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SEM for small businesses is a giant piece of the digital marketing arena. The reason it’s so popular is because it’s one of the quickest ways to the top of the search results. Even if a company website is not optimized for organic search results, the possibility of driving targeted traffic exists by implementing an SEM campaign. We’ve done it hundreds of times for our clients who need a PPC management team to generate a high ROI on their investment.

What is SEM?

SEM stands for search engine marketing. It refers to placing ads on a search engine. The ads are usually placed ahead of the organic results but can be either at the top or bottom of the page. Google and Bing also have local search ads that appear within their local finder search box.

SEM for small businesses serving local areas

SEM campaigns are paid placements

Google Ads happens to be Google’s largest source of revenue (along with other search engines) because advertisers must pay for every click made to their website. It’s a bidding system that fluctuates in cost based on demand for specific keywords.

For example, the cost of a PPC campaign for a law firm would look very different than one for a dog groomer. The price of one click for “DUI lawyer” could be as high as $100/click whereas the cost of a click for the keyword “dog groomer” in a suburb would be somewhere around a $1.00

SEO is a different animal

An SEM campaign is vastly different than an SEO campaign. Although the two work together, they are completely different digital marketing strategies. Paid ads vs SEO has sometimes triggered the thought that someone should be choosing one over the other, but really when combined they are extremely effective in generating traffic, leads, new clients, and sales.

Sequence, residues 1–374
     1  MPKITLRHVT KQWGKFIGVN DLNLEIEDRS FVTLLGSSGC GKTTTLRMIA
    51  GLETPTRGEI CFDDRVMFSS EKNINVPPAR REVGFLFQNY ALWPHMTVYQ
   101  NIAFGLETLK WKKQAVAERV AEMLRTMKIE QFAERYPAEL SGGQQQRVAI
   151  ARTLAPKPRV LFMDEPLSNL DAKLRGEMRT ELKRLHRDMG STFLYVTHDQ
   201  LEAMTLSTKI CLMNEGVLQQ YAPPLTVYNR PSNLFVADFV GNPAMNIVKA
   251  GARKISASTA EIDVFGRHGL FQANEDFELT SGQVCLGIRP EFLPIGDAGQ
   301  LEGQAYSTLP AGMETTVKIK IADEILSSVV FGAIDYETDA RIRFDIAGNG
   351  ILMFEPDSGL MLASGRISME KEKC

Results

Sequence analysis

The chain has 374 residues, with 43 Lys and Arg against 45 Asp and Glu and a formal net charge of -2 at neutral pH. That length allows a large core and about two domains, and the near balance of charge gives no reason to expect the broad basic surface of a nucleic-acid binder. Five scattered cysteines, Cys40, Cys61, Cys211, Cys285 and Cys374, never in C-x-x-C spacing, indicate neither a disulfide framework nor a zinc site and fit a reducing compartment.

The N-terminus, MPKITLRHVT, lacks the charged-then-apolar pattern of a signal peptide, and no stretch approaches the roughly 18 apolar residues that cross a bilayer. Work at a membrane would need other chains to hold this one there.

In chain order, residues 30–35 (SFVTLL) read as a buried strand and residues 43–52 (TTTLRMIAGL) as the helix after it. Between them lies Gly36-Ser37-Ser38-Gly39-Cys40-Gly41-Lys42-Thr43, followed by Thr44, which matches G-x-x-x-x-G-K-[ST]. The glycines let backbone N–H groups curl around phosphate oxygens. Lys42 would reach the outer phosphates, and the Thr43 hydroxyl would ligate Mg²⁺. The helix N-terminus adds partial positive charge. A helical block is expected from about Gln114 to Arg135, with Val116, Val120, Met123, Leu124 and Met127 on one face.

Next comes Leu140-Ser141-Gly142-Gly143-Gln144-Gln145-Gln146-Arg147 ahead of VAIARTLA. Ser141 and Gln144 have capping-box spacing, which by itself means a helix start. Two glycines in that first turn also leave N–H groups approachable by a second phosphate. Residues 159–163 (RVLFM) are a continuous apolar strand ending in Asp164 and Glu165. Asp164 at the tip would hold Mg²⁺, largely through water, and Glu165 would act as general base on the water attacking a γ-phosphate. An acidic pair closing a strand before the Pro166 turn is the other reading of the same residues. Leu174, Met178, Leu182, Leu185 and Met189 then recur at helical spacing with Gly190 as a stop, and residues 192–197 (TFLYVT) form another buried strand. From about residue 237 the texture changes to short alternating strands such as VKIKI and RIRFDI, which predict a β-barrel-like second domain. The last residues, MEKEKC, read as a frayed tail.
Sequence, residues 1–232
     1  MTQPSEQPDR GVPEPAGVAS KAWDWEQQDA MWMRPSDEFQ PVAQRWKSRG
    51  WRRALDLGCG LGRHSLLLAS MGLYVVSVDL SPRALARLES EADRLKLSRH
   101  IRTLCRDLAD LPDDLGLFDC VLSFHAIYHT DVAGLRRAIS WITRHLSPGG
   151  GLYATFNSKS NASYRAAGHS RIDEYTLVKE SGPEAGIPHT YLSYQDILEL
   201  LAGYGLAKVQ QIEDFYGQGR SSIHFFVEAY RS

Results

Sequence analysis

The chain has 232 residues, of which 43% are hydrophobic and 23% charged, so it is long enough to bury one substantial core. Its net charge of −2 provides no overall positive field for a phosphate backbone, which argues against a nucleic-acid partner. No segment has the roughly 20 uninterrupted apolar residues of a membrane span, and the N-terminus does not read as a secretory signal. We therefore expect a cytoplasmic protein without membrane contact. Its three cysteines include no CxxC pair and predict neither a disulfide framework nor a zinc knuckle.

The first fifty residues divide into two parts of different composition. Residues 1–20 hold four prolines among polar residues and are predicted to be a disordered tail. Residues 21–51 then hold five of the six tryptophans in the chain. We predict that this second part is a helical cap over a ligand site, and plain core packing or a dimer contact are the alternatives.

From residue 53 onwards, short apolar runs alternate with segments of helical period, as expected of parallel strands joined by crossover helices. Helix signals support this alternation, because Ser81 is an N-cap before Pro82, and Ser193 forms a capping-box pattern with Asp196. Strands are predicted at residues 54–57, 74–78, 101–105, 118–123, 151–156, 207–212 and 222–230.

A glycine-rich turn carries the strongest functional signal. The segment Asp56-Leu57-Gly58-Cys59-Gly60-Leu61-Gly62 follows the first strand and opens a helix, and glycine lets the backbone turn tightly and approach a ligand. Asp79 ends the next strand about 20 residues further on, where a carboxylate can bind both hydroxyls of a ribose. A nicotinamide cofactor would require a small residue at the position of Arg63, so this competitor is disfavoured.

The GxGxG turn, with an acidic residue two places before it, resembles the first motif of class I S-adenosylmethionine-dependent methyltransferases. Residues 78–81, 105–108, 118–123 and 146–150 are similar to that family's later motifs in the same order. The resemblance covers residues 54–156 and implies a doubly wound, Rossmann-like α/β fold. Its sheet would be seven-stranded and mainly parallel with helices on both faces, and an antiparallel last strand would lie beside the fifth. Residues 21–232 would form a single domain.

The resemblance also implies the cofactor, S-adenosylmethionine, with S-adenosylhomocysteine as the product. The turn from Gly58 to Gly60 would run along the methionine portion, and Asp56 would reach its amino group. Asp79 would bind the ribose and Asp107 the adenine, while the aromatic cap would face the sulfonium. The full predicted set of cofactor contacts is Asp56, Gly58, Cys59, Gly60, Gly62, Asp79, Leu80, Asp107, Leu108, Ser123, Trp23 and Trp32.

Without going too deep into the details of search engine optimization it can easily be explained as the organic results or non-paid results that populate the search engine result page (SERP). Here’s a nifty little image from Ahrefs that depicts the different segments on a SERP.

paid results on top and organic results on bottom

Where can I run an SEM campaign?

SEM is not limited to Google. SEM can be done on any platform that has a search engine result page. Facebook, Instagram, LinkedIn, and most social media platforms all have paid ad options. SEM is a great way to get instant, targeted traffic to your website. Even if you don’t have a website, you can set your ads up for people to call your phone directly!

Successful SEM campaigns start with an effective landing page

Before you even set up your ads campaign, make sure you have a landing page that’s made specifically for users ready to buy. When you’re paying for a user to come to your website you need to match their intent to your offer. Your landing page should be an extension of the ad you create so there’s continuity in your offer and in their buyer journey.

DO NOT send them to your homepage. You will lose out on conversions. Your homepage has too many options and you’re leaving it up to them to decide on where to go.

3 non-negotiable items on your landing page

  • Create a conversion goal for the page (click to call, fill out a form, send an email, download a PDF, etc.)
  • Make sure your page is set up with the information the user needs to make a purchase decision (or give you their information).
  • Place plenty of calls to action on the page